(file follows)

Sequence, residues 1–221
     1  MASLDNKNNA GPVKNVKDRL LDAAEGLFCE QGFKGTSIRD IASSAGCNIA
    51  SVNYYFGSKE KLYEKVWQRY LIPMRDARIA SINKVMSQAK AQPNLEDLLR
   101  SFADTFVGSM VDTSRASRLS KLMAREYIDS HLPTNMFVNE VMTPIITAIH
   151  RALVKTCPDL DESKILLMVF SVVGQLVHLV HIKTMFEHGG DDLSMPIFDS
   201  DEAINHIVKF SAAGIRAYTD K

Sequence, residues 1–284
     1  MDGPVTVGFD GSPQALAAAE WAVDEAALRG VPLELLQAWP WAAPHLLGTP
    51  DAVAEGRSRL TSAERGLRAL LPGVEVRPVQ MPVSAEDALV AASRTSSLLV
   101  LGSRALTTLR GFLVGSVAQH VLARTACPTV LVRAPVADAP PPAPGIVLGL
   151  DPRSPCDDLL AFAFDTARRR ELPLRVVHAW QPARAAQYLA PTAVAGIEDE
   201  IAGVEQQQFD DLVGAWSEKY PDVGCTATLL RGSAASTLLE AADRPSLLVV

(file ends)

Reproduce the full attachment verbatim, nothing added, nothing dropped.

Sequence, residues 1–221
     1  MASLDNKNNA GPVKNVKDRL LDAAEGLFCE QGFKGTSIRD IASSAGCNIA
    51  SVNYYFGSKE KLYEKVWQRY LIPMRDARIA SINKVMSQAK AQPNLEDLLR
   101  SFADTFVGSM VDTSRASRLS KLMAREYIDS HLPTNMFVNE VMTPIITAIH
   151  RALVKTCPDL DESKILLMVF SVVGQLVHLV HIKTMFEHGG DDLSMPIFDS
   201  DEAINHIVKF SAAGIRAYTD K

Sequence, residues 1–284
     1  MDGPVTVGFD GSPQALAAAE WAVDEAALRG VPLELLQAWP WAAPHLLGTP
    51  DAVAEGRSRL TSAERGLRAL LPGVEVRPVQ MPVSAEDALV AASRTSSLLV
   101  LGSRALTTLR GFLVGSVAQH VLARTACPTV LVRAPVADAP PPAPGIVLGL
   151  DPRSPCDDLL AFAFDTARRR ELPLRVVHAW QPARAAQYLA PTAVAGIEDE
   201  IAGVEQQQFD DLVGAWSEKY PDVGCTATLL RGSAASTLLE AADRPSLLVV